Published: May 25, 2018
UNT Health Science Center dual-degree student Marissa Tan, who graduates this month with both a D.O. degree and a Master’s in Public Health (MPH), has received the U.S. Public Health Service Award for Excellence in Public Health, in recognition of her work to promote health equity through academics, research and volunteerism.
This national award is given to medical students who are public health champions in advancing the U.S. Public Health Service mission to “protect, promote and advance the health and safety of the nation” and who are helping to address public health issues in their communities.
Since 2012, the Excellence in Public Health Award has been given by the USPHS to visionary medical students who are advancing initiatives to improve social justice.
Prior to beginning her studies in the Texas College of Osteopathic Medicine (TCOM) and the School of Public Health, Tan worked for AmeriCorps VISTA (Volunteers in Service to America) at a public housing authority in Reading, Pennsylvania, where she developed resources, mobilized partnerships and informed/measured programming to increase public housing residents’ access to wellness opportunities for improving nutrition and physical activity.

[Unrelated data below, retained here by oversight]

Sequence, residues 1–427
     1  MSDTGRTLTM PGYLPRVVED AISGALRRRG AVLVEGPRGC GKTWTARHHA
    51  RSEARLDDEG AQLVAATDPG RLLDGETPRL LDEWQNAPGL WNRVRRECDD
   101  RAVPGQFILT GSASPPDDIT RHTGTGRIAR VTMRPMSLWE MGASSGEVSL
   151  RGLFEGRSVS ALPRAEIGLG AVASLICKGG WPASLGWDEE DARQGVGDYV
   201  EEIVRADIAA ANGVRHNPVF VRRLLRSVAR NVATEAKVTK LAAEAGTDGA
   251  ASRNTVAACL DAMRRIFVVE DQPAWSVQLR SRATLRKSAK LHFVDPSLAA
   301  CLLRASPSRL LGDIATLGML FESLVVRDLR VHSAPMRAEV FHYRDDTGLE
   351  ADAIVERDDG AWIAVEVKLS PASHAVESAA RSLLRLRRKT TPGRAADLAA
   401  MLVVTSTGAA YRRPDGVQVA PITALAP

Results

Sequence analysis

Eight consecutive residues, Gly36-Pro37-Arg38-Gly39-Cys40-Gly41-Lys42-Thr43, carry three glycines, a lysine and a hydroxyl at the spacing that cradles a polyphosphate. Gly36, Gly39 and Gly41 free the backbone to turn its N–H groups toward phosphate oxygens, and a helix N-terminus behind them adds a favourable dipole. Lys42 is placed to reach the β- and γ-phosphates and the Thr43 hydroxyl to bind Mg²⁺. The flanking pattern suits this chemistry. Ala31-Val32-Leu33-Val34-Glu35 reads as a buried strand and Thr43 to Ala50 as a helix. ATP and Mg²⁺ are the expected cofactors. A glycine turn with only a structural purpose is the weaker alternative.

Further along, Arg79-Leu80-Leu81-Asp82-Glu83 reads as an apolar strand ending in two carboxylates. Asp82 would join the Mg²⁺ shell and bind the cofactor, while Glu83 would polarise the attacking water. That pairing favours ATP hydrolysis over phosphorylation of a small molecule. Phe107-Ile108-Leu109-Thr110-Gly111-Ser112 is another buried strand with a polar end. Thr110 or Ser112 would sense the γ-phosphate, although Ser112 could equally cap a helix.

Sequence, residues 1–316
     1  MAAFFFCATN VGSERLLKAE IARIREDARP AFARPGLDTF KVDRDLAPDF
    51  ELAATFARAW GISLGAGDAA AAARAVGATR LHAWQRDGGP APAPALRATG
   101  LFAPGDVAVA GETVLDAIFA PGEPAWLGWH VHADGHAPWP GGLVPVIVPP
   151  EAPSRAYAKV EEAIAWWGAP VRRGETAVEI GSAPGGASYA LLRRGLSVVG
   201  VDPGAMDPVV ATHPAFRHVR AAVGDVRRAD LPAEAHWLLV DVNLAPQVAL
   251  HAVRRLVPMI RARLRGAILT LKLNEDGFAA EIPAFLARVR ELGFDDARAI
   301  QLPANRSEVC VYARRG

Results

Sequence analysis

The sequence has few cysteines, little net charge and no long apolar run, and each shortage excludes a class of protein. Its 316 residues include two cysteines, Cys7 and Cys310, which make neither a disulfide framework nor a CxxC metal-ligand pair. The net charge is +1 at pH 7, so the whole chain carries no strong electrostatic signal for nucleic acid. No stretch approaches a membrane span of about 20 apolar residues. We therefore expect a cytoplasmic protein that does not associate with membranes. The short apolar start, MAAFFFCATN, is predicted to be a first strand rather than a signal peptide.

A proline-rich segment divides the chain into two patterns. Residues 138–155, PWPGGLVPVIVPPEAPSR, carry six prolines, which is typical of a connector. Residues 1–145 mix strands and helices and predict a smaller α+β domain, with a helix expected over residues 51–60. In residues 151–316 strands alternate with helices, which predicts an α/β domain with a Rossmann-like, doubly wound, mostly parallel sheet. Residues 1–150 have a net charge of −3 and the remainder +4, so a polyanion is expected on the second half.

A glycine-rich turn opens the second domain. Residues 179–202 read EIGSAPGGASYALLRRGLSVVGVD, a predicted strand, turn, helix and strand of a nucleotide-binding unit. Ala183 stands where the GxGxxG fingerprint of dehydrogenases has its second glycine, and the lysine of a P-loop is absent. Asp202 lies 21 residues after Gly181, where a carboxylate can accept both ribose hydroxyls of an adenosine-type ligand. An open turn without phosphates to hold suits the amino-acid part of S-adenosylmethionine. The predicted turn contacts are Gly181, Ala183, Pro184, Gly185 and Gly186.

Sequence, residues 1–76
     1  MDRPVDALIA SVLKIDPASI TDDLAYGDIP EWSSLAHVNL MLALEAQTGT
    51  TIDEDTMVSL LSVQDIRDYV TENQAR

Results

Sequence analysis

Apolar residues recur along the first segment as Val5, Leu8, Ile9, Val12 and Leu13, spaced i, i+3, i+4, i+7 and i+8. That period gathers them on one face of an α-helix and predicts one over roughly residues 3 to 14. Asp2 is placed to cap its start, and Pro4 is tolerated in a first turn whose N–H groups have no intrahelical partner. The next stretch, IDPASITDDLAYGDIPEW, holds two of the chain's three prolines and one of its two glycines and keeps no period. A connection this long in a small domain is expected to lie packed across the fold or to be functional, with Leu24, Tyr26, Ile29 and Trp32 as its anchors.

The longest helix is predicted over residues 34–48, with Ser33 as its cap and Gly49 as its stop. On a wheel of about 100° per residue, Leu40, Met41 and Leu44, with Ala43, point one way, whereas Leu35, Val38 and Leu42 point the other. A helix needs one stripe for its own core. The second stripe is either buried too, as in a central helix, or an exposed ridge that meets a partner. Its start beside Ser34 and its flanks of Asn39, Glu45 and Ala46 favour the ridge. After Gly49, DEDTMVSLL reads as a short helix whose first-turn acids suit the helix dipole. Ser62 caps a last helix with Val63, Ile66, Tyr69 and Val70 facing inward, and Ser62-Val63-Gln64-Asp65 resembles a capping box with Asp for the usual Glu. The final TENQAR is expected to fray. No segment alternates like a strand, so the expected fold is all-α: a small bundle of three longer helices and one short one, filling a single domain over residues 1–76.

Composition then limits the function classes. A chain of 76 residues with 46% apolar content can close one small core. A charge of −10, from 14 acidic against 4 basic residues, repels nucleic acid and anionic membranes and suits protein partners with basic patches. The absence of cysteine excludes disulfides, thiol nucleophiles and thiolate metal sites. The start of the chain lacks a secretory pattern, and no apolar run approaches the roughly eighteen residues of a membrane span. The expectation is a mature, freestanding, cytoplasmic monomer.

While at UNTHSC, she was involved as a graduate research assistant for “Better Me Within,” a community-based participatory research program working with Dallas churches to reach African American women at high risk for obesity-related chronic illnesses.
Through her epidemiology elective at the CDC, Tan also assisted in projects related to One Health Zoonotic Disease Prioritization; the 2017 Brucella RB51 raw milk outbreak in North Texas; and emergency response efforts for Hurricanes Harvey, Irma and Maria.
“Being able to add the MPH to my medical degree was important, because I had seen up close the barriers to health that vulnerable populations face when I worked for VISTA,” Tan said. “Beyond the individual patient, there are larger determinants of health, like social, environmental and economic factors, and I wanted to study those alongside my medical courses, in pursuit of health equity.”
Following graduation, Tan will pursue a residency in preventive medicine with a transitional year in Cooperstown, New York, and then Johns Hopkins Medicine, Baltimore.